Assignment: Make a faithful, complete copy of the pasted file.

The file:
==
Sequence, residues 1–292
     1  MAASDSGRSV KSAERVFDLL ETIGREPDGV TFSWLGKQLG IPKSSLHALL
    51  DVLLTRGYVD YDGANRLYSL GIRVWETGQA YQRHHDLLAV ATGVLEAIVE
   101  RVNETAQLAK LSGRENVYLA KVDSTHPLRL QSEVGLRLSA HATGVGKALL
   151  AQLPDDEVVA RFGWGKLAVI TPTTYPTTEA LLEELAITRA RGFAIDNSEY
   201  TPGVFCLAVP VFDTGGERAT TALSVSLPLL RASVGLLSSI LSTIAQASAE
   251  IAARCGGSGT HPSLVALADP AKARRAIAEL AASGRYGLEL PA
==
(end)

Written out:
Sequence, residues 1–292
     1  MAASDSGRSV KSAERVFDLL ETIGREPDGV TFSWLGKQLG IPKSSLHALL
    51  DVLLTRGYVD YDGANRLYSL GIRVWETGQA YQRHHDLLAV ATGVLEAIVE
   101  RVNETAQLAK LSGRENVYLA KVDSTHPLRL QSEVGLRLSA HATGVGKALL
   151  AQLPDDEVVA RFGWGKLAVI TPTTYPTTEA LLEELAITRA RGFAIDNSEY
   201  TPGVFCLAVP VFDTGGERAT TALSVSLPLL RASVGLLSSI LSTIAQASAE
   251  IAARCGGSGT HPSLVALADP AKARRAIAEL AASGRYGLEL PA